What is active surveillance?
Active surveillance is a disease management strategy for low-risk early stage prostate cancer. This strategy monitors the disease for progression but avoids immediate treatment with surgery or radiation.
Who should consider active surveillance?
Men with low-risk, early stage prostate cancer can discuss active surveillance with their doctor. As many as 50% of men with prostate cancer have low-risk disease that will not require immediate or aggressive treatment because it is unlikely to
If you are weighing active surveillance against surgery, one study indicated that men with low-risk prostate cancer can safely delay undergoing a radical prostatectomy for up to 12 months after their cancer diagnosis.1
Active surveillance can be valuable for some men because it allows them to avoid the side effects of treatment.
How does active surveillance work?
With active surveillance, your doctor will monitor your prostate cancer through regular tests to see if it is becoming more aggressive or spreading. This will include repeat PSA tests, digital rectal exams, and biopsies. Through this close, careful monitoring, your healthcare team will know if the cancer becomes more aggressive and you can discuss the right treatment option for you.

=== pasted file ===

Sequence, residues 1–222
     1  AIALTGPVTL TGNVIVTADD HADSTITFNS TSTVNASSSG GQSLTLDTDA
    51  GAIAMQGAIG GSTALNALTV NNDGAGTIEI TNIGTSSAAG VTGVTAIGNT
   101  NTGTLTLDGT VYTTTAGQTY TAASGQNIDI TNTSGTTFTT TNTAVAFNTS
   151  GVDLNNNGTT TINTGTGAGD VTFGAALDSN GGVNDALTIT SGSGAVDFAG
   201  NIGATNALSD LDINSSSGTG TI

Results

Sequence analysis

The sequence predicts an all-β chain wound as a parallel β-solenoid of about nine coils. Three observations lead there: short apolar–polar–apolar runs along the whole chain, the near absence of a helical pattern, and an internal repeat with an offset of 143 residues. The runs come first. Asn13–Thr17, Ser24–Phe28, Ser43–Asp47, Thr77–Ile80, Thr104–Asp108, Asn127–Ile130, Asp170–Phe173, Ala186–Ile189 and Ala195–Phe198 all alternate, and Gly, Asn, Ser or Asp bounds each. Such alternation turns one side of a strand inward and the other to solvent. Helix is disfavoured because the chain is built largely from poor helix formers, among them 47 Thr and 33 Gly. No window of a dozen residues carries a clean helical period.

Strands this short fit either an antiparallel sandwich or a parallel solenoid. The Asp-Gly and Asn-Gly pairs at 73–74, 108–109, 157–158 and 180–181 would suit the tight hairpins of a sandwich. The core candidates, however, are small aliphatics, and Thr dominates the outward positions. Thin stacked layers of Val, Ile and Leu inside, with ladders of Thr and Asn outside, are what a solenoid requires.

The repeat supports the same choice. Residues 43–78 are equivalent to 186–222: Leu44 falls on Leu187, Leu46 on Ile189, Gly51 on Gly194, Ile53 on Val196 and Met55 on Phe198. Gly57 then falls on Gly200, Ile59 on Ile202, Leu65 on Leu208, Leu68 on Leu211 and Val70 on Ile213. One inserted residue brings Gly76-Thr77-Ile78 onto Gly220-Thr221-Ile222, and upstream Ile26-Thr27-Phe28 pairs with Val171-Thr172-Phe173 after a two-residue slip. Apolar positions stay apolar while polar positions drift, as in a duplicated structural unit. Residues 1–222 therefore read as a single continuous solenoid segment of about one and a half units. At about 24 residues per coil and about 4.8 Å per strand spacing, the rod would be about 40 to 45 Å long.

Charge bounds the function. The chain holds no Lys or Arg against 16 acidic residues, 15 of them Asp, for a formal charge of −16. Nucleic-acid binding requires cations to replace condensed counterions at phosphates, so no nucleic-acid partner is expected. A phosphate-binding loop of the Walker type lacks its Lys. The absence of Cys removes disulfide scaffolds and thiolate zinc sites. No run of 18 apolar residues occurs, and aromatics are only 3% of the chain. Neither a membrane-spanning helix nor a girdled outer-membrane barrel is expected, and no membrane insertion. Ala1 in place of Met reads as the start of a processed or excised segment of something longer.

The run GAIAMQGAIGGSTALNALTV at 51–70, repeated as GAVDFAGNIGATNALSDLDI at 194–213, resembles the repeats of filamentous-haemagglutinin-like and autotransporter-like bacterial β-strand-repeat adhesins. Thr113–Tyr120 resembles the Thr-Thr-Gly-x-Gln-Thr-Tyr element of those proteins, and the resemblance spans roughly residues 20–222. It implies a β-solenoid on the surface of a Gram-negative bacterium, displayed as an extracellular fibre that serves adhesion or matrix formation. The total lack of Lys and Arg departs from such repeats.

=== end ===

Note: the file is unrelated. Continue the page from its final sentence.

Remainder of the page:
If your doctor discusses active surveillance with you, make sure you have a clear plan for follow-up tests and next steps.2
In the video below, you can watch Dr. Lowentritt of Chesapeake Urology discuss active surveillance:
What is the difference between active surveillance and watchful waiting?
You may see the terms “active surveillance” and “watchful waiting” used interchangeably. Although they are very similar strategies, they are used in somewhat different situations.
Watchful waiting is more often used for men who may be older or less healthy, with a shorter life expectancy. In these cases treatment for prostate cancer may be difficult to perform or do more harm than good, considering the years of life left. Regular and repeat tests are performed for disease progression, but not as frequently as in active surveillance.
In the video below, you can watch Dr. Lowentritt of Chesapeake Urology discuss watchful waiting: